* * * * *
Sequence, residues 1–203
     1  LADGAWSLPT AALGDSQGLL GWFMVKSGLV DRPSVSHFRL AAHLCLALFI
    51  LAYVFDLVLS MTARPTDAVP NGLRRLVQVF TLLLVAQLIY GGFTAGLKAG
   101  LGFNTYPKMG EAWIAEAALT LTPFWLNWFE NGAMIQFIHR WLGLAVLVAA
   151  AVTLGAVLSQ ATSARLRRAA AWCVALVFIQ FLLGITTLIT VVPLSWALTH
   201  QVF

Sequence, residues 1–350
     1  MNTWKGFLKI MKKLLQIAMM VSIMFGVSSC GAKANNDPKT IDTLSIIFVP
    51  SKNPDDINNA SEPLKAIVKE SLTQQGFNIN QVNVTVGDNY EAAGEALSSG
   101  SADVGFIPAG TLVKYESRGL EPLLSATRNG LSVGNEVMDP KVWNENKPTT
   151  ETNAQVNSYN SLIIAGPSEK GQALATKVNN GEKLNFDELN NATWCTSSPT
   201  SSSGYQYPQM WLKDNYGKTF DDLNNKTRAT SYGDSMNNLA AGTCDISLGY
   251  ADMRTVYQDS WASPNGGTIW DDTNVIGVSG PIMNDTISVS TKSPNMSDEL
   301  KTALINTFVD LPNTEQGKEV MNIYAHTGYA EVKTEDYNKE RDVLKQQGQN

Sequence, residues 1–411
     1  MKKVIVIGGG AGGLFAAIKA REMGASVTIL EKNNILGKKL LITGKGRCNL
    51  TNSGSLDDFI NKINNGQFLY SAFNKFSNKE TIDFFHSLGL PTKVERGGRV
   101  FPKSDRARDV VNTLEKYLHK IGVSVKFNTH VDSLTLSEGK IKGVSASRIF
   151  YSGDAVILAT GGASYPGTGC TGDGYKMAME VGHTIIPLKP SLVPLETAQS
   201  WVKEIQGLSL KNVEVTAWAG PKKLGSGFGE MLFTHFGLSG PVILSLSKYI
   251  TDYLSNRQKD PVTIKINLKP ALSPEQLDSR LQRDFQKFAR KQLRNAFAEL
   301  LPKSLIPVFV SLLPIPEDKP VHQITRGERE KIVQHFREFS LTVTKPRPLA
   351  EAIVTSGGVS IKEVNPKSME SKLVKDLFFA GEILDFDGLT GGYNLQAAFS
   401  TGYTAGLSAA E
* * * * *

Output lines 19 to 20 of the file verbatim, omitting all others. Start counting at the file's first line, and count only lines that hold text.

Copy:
   151  YSGDAVILAT GGASYPGTGC TGDGYKMAME VGHTIIPLKP SLVPLETAQS
   201  WVKEIQGLSL KNVEVTAWAG PKKLGSGFGE MLFTHFGLSG PVILSLSKYI